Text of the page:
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Value of EEG reactivity for prediction of neurologic outcome after cardiac arrest: Insights from the Parisian registry

      Abstract

      Purpose

      To evaluate the predictive value of EEG reactivity assessment and confounders for neurological outcome after cardiac arrest.

      Methods

      All consecutive patients admitted in a tertiary cardiac arrest center between 2007 and 2016 still alive 48 h after admission with at least one EEG recorded during coma. EEG reactivity was defined as a reproducible waveform change in amplitude or frequency following standardized stimulation. Each EEG was classified based on American Clinical Neurophysiology Society nomenclatures and classified in highly malignant (including status epilepticus), malignant, or benign EEG. We assessed the predictive values of EEG reactivity and sedation effect for neurologic outcome at ICU discharge using the Cerebral Performance Category scale (with CPC 1–2 assumed as favorable outcome and CPC 3-4-5 considered as poor outcome).

      Results

      Among 428 patients, a poor outcome was observed in 80% patients. The median time to EEG recording was 3 (1–4) days and 51% patients had a non-reactive EEG. The positive predictive value (PPV) of a non-reactive EEG to predict an unfavorable outcome was 97.1% (IC95% 93.6–98.9), increasing to 98.3% (IC95 94.1–99.8) when the EEG had been performed without sedation. In multivariate analysis, a non-reactive EEG was associated with poor outcome (OR 12.6 IC95% 4.7–33.6; p < 0.001). In multivariate analysis, concomitant sedation was not statistically associated with EEG non-reactivity. The PPV of a benign EEG to predict favorable outcome was 49.7% (IC95% 41.5–57.9), increasing to 66.2% (IC95% 54.3–76.8) when EEG was recorded earlier, with ongoing sedation.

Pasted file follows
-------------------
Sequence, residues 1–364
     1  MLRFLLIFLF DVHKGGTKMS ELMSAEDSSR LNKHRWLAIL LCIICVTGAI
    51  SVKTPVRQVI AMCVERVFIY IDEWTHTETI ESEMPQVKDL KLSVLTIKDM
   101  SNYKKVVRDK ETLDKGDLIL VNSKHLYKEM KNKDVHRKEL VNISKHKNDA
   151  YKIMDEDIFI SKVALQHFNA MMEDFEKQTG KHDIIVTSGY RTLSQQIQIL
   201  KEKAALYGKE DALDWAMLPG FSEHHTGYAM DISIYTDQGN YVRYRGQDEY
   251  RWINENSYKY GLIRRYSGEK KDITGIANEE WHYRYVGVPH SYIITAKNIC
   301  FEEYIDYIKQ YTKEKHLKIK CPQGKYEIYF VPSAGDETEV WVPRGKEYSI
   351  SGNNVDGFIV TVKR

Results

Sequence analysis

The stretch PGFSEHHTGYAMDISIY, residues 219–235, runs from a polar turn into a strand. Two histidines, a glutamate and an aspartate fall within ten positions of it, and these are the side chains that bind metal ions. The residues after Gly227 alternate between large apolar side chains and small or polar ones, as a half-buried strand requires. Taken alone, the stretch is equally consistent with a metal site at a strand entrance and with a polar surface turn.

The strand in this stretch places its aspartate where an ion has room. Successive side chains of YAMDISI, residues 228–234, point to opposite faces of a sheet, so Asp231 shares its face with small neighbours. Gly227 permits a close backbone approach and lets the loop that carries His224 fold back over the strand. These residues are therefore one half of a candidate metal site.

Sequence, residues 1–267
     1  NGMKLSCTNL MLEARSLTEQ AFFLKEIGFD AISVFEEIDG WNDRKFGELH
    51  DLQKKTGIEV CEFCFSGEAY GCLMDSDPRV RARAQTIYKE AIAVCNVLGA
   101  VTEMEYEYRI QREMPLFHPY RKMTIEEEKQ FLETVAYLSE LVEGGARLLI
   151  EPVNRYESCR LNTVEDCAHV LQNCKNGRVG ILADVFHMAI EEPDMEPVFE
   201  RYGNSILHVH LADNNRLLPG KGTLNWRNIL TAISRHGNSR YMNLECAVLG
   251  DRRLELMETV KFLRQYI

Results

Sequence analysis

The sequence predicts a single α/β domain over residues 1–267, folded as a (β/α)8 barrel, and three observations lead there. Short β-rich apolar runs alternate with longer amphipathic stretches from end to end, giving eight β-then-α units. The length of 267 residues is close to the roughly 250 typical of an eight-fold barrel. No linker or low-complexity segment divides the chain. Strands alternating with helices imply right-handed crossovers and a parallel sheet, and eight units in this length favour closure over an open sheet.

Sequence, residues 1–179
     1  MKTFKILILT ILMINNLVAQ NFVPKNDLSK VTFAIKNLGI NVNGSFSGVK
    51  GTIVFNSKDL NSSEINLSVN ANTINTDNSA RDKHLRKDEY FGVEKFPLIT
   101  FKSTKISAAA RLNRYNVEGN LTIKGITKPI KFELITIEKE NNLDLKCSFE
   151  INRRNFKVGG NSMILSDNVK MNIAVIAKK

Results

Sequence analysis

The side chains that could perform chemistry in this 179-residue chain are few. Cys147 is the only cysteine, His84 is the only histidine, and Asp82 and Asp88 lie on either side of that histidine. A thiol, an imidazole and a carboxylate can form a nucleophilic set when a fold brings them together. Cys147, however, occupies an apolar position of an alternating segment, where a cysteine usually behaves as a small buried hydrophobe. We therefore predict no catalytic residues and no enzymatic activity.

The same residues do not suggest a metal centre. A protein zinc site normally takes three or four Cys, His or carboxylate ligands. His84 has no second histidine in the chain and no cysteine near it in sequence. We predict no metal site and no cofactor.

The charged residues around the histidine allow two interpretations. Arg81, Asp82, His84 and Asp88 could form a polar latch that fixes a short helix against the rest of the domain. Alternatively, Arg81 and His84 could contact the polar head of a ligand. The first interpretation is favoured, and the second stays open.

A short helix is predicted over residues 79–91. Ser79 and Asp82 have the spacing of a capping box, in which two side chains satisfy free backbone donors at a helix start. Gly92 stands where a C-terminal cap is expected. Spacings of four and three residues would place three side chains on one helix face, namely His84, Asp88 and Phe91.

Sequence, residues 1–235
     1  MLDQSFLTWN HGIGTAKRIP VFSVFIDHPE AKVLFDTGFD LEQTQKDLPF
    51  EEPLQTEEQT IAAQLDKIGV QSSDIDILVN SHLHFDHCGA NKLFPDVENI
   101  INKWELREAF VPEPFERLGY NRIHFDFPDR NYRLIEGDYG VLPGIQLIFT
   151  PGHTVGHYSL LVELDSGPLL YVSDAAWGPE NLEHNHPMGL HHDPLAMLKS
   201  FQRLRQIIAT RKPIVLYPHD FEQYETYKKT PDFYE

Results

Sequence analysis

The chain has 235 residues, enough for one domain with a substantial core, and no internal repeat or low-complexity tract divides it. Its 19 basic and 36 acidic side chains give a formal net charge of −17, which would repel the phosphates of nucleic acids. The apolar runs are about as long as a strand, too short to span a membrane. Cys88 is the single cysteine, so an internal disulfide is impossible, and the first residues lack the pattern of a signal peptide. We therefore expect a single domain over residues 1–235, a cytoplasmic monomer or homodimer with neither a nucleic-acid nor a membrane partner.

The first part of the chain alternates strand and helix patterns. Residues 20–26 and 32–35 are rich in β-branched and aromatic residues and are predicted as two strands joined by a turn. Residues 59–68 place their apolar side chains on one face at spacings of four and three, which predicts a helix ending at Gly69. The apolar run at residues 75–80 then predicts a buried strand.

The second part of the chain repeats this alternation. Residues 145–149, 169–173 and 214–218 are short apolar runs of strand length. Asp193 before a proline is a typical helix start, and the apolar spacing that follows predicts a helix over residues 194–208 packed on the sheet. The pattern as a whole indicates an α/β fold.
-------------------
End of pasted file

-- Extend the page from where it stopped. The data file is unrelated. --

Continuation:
Conclusions

      After cardiac arrest, absence of EEG reactivity was predictive of unfavorable outcome. By contrast, a benign EEG was slightly predictive of a favorable outcome. Reactivity assessment may have important implications in the neuroprognostication process after cardiac arrest and could be influenced by sedation.

      Abbreviations:

      CA (cardiac arrest), CPC (cerebral performance category), EEG (electroencephalogram), ESM (electronic supplementary material), FPR (false positive rate), GCS (glasgow coma scale), ICU (intensive-care-unit), IQR (interquartile-range), NPV (negative predictive value), PPV (positive predictive value), RASS (Richmond-Agitation-Sedation-Scale), ROSC (return of spontaneous circulation), SD (standard deviation), SSEP (short-latency somatosensory evoked potentials), TTM (targeted temperature management), WLST (withdrawal-of-life-sustaining-treatments)

      Keywords

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